Sheila, you still are not answering my questions. Please answer what you believe about the Bible from my last comment. I see it is not listed under your beliefs on your website. You wrote a post saying a biblical marriage doesn’t have to look different from a non-believer’s marriage. You are saying that an unbeliever can possess the fruits of the Spirit, although not led by the Spirit. These “skills and practices” should be part of what we aim for, yes, but to say it all looks the same across believers and unbelievers insinuates that there is no difference in our hearts. This is what I am getting at. Again, this is not a they versus them issue. It is a truth versus non-truth issue.

          • Sheila Wray Gregoire

            Lindsey, people who are healthy tend to act the same way. They love. They sacrifice. They forgive. They draw boundaries. They act responsibly. They are mature. We know what the markers of healthy relationships look like.

            And, yes, non-Christians can have that and can even excel at it.

            That does not mean that they are saved. But look at Romans 2 and Romans 1. Look at how we were all created with a conscience. Non-Christians can sense what is right and can sense what intimacy is, and if they are humble and loving they can achieve healthy marriages.

            This shouldn’t challenge our faith. It’s just fact. Open your eyes and look around!

          • Jo R

            Lindsey, are you saying that all Christian marriages are good and that all non-Christian marriages are bad?

            Are you saying all Christian husbands are completely and totally Christlike in their behavior toward their wives?

            If you think the latter, you need to check out Pateick Weaver and Sarah McDugal, among many, MANY, others.

          • Jim


            I think that what Lindsey is asking is what is the standard of what makes a ‘good marriage’. If you are a Christian, it should be based on the teachings of the Bible.

            As you have noted many times, people can believe that they have a ‘good marriage’ but in fact one or both spouses are miserable. So then the question is why is there a disconnect?

            From what I can see here, you and Rebecca seem to give more weight to the surveys that you and others have done then to Scripture. I would not be surprised if you referenced studies more than the Word of God. With the main audience of this blog being Christians, I believe that the Bible and God should be the first place that we go, not the last. Surveys and studies are important and can be useful, but the Bible is greater than all of them.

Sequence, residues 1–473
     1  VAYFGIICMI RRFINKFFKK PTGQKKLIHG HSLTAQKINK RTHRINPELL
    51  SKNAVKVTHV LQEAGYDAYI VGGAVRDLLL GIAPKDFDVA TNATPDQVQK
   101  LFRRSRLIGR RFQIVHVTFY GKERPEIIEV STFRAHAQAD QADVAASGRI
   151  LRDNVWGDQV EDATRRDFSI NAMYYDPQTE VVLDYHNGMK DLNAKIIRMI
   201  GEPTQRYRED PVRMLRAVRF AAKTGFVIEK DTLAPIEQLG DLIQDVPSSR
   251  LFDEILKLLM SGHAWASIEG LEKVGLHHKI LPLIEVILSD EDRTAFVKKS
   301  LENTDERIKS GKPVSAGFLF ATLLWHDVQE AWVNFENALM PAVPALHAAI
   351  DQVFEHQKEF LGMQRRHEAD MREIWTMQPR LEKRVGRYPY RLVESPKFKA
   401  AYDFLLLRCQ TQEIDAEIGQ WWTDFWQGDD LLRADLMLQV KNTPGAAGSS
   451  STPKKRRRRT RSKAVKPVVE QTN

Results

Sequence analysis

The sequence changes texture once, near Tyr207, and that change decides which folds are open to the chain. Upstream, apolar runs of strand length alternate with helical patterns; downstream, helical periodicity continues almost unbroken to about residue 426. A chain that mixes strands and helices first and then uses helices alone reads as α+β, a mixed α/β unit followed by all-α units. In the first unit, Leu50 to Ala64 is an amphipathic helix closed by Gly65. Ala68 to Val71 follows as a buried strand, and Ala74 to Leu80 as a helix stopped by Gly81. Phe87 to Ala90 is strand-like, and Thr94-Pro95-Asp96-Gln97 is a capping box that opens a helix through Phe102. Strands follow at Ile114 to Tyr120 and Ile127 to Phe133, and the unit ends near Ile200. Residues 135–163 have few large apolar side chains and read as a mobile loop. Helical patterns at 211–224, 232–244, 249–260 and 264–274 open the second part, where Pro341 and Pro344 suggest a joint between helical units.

I have seen many that claim to be Christians that sound more like the world than Jesus. Paul gives a warning about this and we need to be very careful what we teach and make sure that it aligns with what God has told us time and time again.

            “In the presence of God and of Christ Jesus, who will judge the living and the dead, and in view of his appearing and his kingdom, I give you this charge: 2 Preach the word; be prepared in season and out of season; correct, rebuke and encourage—with great patience and careful instruction. 3 For the time will come when people will not put up with sound doctrine. Instead, to suit their own desires, they will gather around them a great number of teachers to say what their itching ears want to hear. 4 They will turn their ears away from the truth and turn aside to myths. 5 But you, keep your head in all situations, endure hardship, do the work of an evangelist, discharge all the duties of your ministry.

            6 For I am already being poured out like a drink offering, and the time for my departure is near. 7 I have fought the good fight, I have finished the race, I have kept the faith. 8 Now there is in store for me the crown of righteousness, which the Lord, the righteous Judge, will award to me on that day—and not only to me, but also to all who have longed for his appearing.” 2 Timothy 4:1-8 NIV

          • Sheila Wray Gregoire

            Jim, a good marriage is one where people are treated well, feel honored, and feel seen. It’s just intimacy. It’s oneness. God created us for connection!

            And people can connect, even if they don’t know Jesus.

            A Christian’s life is different because we have the power of the Holy Spirit, AND we have the desire to fulfill Jesus’ command to make disciples of all nations. We want to be transformed into His likeness.